Date of this Version
The George Eliot Review 44 (2013)
I would like to begin this paper with a comment by Professor Felicia Bonaparte about George Eliot's novels. In an introductory reflection, she once observed that
We have found nothing yet that Eliot did not deliberately put in her novels; [ ... ]. Indeed, the fact is we have not yet read in these novels all that Eliot wrote. We have not yet, for example, looked carefully at what Eliot had to say about women in society. Eliot was a great feminist, and her novels, although they never stoop to mere propaganda, urge a relentless war against the conditions by which women's lives have been restrained and wasted. We do not have an adequate understanding of the poetic element in Eliot's imagination, nor of the rich symbolic structure which informs her works. We have not yet probed the mythic imagery that echoes throughout her novels. There can be no doubts that we will have to revise many of our conclusions and judgments, especially of her achievement in Romola, when we have further examined these aspects of her works. Similarly, we have [ ... ] not yet explored the most thoroughly contemporary aspect of Eliot's novels, namely the existential, absurd universe Eliot perceived, a tragic universe in which man is born and dies for no purpose.'
She wrote this in 1975, but it is striking that much of it is still true. Of all these unexplored aspects of George Eliot's works, it seems to me that only the topic of women in society has since been systematically explored and has promoted deeper understanding of her novels. It is rather paradoxical that, although we have acclaimed Eliot as one of the greatest nineteenth century novelists, we have also overlooked many aspects of this greatness. Romola is definite evidence of this: described by Eliot herself as the book she wrote with her best blood, it remains to this very day the least popular of her novels.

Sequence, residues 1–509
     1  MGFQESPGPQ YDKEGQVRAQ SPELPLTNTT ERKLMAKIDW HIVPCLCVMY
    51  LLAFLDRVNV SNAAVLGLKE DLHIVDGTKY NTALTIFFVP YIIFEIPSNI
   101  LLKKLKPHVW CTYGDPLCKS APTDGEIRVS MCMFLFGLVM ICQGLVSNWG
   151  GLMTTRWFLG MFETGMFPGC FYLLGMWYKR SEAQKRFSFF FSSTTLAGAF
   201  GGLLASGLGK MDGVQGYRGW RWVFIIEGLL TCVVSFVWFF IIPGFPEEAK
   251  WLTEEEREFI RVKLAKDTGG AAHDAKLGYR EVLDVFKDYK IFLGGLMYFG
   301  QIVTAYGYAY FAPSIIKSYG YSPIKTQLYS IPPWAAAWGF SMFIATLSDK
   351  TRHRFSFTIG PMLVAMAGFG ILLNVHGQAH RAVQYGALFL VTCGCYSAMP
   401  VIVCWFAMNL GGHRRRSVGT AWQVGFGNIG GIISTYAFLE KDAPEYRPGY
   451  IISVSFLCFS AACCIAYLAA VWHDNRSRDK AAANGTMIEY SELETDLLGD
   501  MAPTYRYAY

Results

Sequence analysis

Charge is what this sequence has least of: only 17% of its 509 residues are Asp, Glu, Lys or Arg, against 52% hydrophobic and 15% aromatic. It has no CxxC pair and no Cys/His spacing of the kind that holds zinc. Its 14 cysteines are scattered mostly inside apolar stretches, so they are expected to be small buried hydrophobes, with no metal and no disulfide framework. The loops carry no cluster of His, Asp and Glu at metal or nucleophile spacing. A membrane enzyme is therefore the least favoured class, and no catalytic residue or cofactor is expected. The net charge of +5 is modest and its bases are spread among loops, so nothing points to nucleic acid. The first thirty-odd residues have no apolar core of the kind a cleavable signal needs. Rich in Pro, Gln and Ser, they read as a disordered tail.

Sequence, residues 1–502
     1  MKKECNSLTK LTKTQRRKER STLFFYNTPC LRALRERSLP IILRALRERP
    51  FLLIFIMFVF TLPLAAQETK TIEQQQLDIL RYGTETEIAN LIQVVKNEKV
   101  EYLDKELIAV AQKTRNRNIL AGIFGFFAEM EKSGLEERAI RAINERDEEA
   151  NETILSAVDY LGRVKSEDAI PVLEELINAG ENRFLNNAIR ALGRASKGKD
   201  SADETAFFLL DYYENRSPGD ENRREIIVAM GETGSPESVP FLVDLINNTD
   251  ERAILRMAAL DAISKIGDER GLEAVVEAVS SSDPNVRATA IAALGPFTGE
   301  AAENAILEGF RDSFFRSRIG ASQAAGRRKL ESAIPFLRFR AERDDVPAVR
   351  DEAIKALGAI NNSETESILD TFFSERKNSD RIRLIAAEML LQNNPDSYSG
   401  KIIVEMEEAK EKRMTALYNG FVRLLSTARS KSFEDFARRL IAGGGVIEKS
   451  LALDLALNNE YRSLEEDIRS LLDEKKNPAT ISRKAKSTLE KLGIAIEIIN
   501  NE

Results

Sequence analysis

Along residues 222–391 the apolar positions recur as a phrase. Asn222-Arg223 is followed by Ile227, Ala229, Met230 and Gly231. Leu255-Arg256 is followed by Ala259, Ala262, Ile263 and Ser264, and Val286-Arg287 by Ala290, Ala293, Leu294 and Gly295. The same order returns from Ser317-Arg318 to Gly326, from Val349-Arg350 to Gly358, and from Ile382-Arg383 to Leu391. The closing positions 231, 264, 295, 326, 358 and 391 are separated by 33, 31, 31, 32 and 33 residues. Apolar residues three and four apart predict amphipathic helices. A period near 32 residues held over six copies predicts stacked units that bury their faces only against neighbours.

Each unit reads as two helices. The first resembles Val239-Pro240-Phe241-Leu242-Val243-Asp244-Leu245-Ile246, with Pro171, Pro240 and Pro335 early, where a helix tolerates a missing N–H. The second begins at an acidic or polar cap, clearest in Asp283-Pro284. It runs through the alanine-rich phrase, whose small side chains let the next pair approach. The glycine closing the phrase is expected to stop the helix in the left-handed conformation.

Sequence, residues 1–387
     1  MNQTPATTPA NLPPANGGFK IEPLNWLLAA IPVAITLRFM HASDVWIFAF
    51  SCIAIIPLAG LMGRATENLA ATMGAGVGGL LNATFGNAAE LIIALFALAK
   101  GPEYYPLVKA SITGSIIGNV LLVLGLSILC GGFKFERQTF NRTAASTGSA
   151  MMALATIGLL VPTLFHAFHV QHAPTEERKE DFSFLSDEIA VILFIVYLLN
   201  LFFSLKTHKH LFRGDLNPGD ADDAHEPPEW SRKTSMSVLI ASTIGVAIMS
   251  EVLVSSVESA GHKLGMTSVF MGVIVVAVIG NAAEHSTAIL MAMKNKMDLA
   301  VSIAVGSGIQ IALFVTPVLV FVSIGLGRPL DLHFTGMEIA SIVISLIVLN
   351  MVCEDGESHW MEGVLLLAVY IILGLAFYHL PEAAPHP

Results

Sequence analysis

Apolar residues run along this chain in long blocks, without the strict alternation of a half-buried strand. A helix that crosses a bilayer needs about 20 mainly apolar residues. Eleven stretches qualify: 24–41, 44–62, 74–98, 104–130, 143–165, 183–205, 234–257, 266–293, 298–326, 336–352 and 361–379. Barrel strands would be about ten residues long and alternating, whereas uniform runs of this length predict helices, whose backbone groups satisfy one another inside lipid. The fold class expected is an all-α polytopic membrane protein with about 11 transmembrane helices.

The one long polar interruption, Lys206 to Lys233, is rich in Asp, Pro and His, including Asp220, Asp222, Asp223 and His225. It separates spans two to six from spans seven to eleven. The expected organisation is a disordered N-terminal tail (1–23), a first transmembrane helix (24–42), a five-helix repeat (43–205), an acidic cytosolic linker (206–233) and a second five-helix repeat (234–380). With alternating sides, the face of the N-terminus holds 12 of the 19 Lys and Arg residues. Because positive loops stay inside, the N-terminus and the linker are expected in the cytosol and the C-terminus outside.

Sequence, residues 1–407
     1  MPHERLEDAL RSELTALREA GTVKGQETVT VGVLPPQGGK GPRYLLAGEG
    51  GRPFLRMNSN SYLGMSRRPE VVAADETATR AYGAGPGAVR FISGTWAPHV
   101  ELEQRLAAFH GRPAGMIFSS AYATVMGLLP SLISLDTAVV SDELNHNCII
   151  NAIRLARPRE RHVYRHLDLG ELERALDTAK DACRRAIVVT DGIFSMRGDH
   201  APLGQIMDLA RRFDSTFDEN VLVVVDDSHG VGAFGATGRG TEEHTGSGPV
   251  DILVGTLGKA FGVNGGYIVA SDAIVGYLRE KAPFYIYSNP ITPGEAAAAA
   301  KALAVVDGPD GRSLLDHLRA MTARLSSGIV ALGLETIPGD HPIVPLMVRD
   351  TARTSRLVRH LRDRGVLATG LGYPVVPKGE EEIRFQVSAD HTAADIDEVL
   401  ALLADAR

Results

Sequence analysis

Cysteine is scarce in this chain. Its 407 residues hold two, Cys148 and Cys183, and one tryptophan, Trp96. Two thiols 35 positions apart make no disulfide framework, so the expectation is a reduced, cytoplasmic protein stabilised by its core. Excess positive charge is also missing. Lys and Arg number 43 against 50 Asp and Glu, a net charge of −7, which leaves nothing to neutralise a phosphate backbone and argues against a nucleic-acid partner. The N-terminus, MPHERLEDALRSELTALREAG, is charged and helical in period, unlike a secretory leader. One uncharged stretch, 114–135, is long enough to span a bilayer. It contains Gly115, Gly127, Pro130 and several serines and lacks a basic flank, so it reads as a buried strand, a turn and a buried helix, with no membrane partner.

This paper has two main goals. First I present a set of numbers regarding George Eliot studies in and out of Brazil and my interpretation of these numbers. Then I proceed to comment on the particular case of Romola. In the end, I hope to be able to relate the two topics and to interest the reader in my perspective on George Eliot and on Romola. We are now celebrating Romola's 150th anniversary. This is a significant amount of time: not as much as would make it too distant from our own world; not as little as would make it too close to us and too blurred to see well. I believe we are now at a moment in which we are ready to look back at Eliot's and Romola's history so as to understand it and to develop on it.